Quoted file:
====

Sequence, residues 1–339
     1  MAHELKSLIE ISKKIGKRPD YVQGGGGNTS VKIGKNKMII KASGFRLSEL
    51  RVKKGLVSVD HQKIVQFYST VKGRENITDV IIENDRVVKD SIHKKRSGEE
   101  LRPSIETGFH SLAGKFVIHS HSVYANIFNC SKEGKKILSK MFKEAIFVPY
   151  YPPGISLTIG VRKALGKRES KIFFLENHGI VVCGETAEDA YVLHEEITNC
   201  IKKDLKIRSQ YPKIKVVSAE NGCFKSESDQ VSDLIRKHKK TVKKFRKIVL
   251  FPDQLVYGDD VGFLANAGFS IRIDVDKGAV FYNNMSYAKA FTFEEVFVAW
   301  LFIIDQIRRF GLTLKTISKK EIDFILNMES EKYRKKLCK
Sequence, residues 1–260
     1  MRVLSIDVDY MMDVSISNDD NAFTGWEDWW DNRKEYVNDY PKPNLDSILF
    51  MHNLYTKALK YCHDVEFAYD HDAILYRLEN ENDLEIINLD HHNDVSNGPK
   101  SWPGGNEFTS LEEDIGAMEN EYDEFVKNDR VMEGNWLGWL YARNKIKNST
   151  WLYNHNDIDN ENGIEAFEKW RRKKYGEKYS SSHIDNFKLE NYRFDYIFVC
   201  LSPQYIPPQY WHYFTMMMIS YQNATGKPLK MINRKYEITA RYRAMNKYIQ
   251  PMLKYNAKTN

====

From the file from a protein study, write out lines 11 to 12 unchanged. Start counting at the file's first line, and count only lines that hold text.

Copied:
    51  MHNLYTKALK YCHDVEFAYD HDAILYRLEN ENDLEIINLD HHNDVSNGPK
   101  SWPGGNEFTS LEEDIGAMEN EYDEFVKNDR VMEGNWLGWL YARNKIKNST